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When I looked these numbers I doubletaked - 6.34 km/kWh which is 3.9miles/kWh... which lines up with your numbers (50miles with 12.92 kWh used). That's crazy efficient. Usually 2.8miles/kWh is the average for an EV on the highway going 70mph. City driving I'd get 3.5 miles (not km) per kWh with my ID.4 Pro which was pretty efficient.... not as much as a Model 3 though (lighter, etc)

What speed were you going?
 

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The video shows the actual average speed was 71.9 mph (7:20/7:59), he only aimed at 133 kph, but there were various slowdowns etc. So, relative to the Model 3 LR in the chart above, which shows about 300ish mile range at 72 mph, the 190 mile range in the EV6 is not good. But, is this chart above theoretical or actual tested Model 3 range? I have trouble believing it is actually measured Model 3 range...but don't really know...
 

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The video shows the actual average speed was 71.9 mph (7:20/7:59), he only aimed at 133 kph, but there were various slowdowns etc. So, relative to the Model 3 LR in the chart above, which shows about 300ish mile range at 72 mph, the 190 mile range in the EV6 is not good. But, is this chart above theoretical or actual tested Model 3 range? I have trouble believing it is actually measured Model 3 range...but don't really know...
Yes. The EPA range is 353 but real world is 310. The real world miles per kWh is considered the gold standard for efficiency.


Tesla Model 3 is so refined (almost flawless product IMO - but it is a sedan) that this isn't surprising. The Model Y (EV6 comparable) isn't as refined.

EDIT: Not an apples to apples comparison because the video is driven in cold weather (under 10C) which drastically reduces range. You can lose 50% of your range in near freezing temps.
 

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In addition to temperature and wheel size, wouldn’t tire width (contact patch area) and vehicle weight also factor into consumption?

Yes... i.e GT models of Mach-E have worse range than the other trims with jokingly "bicycle tires." EV6 GT line may use wider tires for better handling/grip which would reduce range by a certain percentage. Weight is important but with all EVs being close in weight (4000-4500lb) I think we can compare them without weight numbers.

Temps and travel speed are the two biggest factors.
 

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Yes... i.e GT models of Mach-E have worse range than the other trims with jokingly "bicycle tires." EV6 GT line may use wider tires for better handling/grip which would reduce range by a certain percentage. Weight is important but with all EVs being close in weight (4000-4500lb) I think we can compare them without weight numbers.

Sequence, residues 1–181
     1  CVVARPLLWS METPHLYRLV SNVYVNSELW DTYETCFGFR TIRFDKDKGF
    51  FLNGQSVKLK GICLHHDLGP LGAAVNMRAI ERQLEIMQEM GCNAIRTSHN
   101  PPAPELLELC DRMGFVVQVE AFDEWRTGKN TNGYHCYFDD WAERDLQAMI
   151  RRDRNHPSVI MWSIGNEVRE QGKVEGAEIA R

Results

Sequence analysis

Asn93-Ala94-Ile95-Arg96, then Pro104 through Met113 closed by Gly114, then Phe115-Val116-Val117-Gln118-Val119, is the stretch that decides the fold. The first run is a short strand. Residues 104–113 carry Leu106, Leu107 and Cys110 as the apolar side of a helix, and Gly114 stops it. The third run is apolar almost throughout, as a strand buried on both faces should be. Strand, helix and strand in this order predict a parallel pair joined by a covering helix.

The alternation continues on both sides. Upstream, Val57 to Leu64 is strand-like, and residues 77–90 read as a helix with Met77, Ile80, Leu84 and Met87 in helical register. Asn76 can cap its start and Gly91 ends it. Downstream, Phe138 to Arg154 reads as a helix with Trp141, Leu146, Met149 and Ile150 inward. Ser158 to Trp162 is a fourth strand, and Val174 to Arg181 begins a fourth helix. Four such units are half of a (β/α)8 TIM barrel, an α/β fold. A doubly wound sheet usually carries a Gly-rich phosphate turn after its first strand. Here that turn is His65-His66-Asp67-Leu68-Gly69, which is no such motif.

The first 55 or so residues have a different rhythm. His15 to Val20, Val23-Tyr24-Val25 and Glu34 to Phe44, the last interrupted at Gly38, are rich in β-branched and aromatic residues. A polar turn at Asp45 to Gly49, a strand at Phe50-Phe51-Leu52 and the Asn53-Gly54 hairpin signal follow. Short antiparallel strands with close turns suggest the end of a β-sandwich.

Temps and travel speed are the two biggest factors.
More reason why comparing to an model 3, is not apples to apples
 

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The video shows the actual average speed was 71.9 mph (7:20/7:59), he only aimed at 133 kph, but there were various slowdowns etc. So, relative to the Model 3 LR in the chart above, which shows about 300ish mile range at 72 mph, the 190 mile range in the EV6 is not good. But, is this chart above theoretical or actual tested Model 3 range? I have trouble believing it is actually measured Model 3 range...but don't really know...
Seems like having various slowdowns is not good for comparison either. A constant 72 is going to be a lot better than 72 average with speed up and slow down.
 

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The video shows the actual average speed was 71.9 mph (7:20/7:59), he only aimed at 133 kph, but there were various slowdowns etc. So, relative to the Model 3 LR in the chart above, which shows about 300ish mile range at 72 mph, the 190 mile range in the EV6 is not good. But, is this chart above theoretical or actual tested Model 3 range? I have trouble believing it is actually measured Model 3 range...but don't really know...
I drive 190 miles every day in my drive to and from work so I'll have REAL WORLD, cold winter numbers to give on day 1 for us all. LOL I'll test all sorts of things like climate control, battery maintenance, and different speeds to have one dataset for us to review.
 

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I drive 190 miles every day in my drive to and from work so I'll have REAL WORLD, cold winter numbers to give on day 1 for us all. LOL I'll test all sorts of things like climate control, battery maintenance, and different speeds to have one dataset for us to review.
Dude.... 190 miles? I lost my mine doing a round trip of 130 miles. Switched jobs for more money and telework. I will say, was doing those 130 miles in a Bolt here in New England, it did that quite well.
 

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Sorry for the "Gre" message, hit the wrong button--ugh! Great that you can do that for real world testing for us. What part of the country are you in? I may be wrong, but even with a heat pump, so far it seems that EVs lose up to 1/3 of their range in the winter where it goes below freezing, maybe somewhat less with Tesla's heat pump? Someone else may know better than I do, however. What should we expect from Kia's heat pump...
 
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